Why David chose Hand Therapy:
I did a FW-II clinical rotation in hand therapy while in OT school. At that time, I fell in love with hand therapy and knew that I was going to be a CHT someday. Our hands are our primary avenues to independence. I enjoy being able to make a big difference in a person’s life in a relatively short amount of time. I also enjoy the science and technical nature of hand therapy. Having a B.A. in philosophy, I enjoy problem solving and critical thinking. Hand therapy requires a lot of clinical reasoning and problem solving to achieve the maximal outcome. We also get to allow our creative side to come out in the form of custom splinting. As a clinic, we take pride in fabricating excellent custom splints and is another enjoyable part of being a hand therapist. In summary, hand therapy incorporates my desire to help people in a significant way while challenging my critical thinking skills and allows my creative side to come out as well.

Why Kristen chose Hand Therapy:
Starting from a young age as an athlete I spent time with several athletic trainers and physical therapists where I starting learning about how the body functions from an orthopedic perspective. Specifically, in volleyball I had a few hand and shoulder injuries resulting in trips to the training room, where I understood first-hand how daily function is affected by injuries. I was very fortunate that I met David and Oliver at Covenant Hand Therapy in Plano, TX and was guided by them from the beginning of my occupational therapy journey. I ended up working with them as a therapy technician while in college to get more experience in preparation for graduate school and developed a love for hand therapy. I enjoy how critical thinking, knowledge of anatomy, and creativity are married to create a person-centered approach to healing. I also like the level of specialization required to treat hand to shoulder injuries including custom splinting, manual techniques and implementation of skilled treatments. We are working on peoples’ hands, which are used every day and is very personal. We are all people first, getting to know each patient I work with brightens my day and using my skills to help them recover reaffirms that I am in the right field.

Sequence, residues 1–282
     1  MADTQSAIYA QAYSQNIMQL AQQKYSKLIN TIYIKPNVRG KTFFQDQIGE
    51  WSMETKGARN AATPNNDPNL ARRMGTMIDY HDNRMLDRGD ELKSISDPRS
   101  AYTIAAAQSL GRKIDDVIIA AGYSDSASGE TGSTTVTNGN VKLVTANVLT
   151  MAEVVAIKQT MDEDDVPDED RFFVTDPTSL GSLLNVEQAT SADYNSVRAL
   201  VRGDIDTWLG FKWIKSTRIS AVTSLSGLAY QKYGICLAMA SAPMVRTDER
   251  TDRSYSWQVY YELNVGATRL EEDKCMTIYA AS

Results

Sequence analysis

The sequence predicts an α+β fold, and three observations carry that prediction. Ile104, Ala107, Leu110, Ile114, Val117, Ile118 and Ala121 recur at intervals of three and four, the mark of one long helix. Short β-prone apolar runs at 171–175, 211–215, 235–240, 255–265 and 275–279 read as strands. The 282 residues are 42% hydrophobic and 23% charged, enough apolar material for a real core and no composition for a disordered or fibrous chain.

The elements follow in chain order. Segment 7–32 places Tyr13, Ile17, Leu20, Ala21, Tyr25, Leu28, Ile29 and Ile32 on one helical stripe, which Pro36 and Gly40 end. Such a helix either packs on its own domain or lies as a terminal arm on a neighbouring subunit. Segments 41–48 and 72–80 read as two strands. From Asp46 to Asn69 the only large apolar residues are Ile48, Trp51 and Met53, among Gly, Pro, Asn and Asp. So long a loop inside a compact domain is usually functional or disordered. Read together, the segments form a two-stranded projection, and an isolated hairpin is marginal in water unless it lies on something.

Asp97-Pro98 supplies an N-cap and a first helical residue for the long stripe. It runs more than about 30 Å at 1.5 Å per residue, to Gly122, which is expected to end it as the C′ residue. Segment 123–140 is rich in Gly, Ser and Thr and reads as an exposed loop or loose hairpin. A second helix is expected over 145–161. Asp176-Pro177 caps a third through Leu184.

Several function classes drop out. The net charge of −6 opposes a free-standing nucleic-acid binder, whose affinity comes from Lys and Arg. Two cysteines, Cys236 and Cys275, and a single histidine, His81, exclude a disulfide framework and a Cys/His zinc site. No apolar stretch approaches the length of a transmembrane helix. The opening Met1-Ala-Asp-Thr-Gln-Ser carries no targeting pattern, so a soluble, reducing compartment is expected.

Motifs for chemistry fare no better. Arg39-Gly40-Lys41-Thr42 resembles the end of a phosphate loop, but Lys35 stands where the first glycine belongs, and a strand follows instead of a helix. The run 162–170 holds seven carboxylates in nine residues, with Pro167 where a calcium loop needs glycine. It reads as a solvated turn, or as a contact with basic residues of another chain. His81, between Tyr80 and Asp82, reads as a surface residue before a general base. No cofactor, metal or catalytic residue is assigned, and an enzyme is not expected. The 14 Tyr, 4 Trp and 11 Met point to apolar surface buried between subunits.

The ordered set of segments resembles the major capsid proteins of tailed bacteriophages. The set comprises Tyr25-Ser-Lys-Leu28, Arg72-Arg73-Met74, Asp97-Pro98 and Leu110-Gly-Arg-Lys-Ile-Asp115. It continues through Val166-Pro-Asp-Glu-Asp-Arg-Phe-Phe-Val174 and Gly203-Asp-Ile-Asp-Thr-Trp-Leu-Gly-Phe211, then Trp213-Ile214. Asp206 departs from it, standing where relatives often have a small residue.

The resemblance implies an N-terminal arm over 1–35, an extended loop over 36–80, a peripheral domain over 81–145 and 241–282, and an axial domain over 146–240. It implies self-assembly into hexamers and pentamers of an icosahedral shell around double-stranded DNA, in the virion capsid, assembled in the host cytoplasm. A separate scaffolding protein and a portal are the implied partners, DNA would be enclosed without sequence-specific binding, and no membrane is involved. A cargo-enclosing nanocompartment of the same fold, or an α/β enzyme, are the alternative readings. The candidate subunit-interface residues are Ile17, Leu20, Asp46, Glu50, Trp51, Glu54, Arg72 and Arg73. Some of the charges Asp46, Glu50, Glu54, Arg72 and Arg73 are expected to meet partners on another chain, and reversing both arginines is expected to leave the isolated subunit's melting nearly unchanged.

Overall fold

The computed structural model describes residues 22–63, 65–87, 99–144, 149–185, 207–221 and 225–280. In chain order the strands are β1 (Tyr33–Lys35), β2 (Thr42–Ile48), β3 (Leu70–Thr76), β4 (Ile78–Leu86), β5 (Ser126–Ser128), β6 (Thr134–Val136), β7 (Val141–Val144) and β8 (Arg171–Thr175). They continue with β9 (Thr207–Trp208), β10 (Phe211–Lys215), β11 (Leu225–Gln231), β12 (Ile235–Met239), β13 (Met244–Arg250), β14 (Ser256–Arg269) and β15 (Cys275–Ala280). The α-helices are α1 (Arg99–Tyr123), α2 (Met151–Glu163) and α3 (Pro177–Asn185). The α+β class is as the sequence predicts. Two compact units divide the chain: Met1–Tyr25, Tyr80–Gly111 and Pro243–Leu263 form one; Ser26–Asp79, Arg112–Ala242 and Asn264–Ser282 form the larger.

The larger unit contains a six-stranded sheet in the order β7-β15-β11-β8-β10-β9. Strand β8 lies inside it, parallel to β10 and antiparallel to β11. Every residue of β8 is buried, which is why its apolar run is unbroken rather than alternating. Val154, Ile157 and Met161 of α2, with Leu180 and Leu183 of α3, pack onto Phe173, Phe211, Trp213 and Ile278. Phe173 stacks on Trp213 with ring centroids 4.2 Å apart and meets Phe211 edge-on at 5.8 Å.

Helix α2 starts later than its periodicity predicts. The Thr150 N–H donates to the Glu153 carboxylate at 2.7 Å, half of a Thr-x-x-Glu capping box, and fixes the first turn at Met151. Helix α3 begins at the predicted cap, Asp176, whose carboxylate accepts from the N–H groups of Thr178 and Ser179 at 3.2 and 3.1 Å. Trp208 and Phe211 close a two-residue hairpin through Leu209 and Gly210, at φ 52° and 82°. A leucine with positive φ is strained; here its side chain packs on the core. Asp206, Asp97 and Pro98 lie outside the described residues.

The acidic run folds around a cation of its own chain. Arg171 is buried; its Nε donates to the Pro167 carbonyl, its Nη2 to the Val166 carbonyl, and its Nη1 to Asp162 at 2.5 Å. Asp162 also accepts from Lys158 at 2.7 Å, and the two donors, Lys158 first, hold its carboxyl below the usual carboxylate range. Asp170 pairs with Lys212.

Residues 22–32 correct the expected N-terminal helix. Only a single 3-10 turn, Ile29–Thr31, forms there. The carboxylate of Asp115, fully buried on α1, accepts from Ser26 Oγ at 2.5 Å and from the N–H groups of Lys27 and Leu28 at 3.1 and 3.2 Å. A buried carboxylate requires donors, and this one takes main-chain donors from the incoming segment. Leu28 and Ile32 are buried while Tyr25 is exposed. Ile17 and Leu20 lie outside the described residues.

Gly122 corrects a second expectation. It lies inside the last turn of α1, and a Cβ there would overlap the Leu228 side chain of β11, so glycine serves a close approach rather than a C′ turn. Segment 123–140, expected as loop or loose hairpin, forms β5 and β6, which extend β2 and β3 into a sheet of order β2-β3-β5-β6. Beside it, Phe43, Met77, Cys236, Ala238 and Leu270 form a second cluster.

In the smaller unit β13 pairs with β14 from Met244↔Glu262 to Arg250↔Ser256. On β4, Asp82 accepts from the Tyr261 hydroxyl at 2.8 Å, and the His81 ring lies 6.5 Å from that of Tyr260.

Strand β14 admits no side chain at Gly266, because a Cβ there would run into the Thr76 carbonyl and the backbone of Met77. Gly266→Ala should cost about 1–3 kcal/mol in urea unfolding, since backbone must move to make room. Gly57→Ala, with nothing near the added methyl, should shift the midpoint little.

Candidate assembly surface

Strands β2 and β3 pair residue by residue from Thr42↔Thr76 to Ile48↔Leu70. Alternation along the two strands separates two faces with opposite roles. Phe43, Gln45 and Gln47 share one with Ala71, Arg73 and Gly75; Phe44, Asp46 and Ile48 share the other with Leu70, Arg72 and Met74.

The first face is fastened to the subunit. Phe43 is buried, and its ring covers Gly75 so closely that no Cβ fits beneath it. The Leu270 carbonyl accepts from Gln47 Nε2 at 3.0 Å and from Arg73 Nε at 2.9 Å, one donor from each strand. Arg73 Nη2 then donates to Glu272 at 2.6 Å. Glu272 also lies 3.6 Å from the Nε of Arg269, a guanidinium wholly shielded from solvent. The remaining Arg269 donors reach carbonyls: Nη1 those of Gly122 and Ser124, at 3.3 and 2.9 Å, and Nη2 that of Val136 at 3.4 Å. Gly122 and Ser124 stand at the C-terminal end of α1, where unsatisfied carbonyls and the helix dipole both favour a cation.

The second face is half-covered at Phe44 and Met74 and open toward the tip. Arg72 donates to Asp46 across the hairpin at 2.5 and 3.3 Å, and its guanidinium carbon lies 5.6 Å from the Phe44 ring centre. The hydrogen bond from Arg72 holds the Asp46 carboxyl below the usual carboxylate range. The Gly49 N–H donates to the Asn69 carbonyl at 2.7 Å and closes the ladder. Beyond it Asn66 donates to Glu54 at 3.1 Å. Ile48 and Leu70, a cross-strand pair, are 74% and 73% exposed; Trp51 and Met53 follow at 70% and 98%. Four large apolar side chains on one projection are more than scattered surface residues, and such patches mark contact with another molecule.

Why Oliver chose Hand Therapy:
I chose the hand therapy specialty after completing my clinical internship in an outpatient orthopedic clinic at Charity Hospital in New Orleans under the mentorship of my clinical instructor, Rennie Jacobs. During my time there, I was exposed to several hand and upper extremity injuries, including fractures, carpal tunnel syndrome, tendonitis, and even more medically complex traumas, including gunshot wounds and knife injuries. I thoroughly enjoy several aspects of hand therapy, including the relatively fast and progressive improvement of patients as a direct result of the specialized therapy provided, as well as the skill, precision, and creativity required for custom splinting.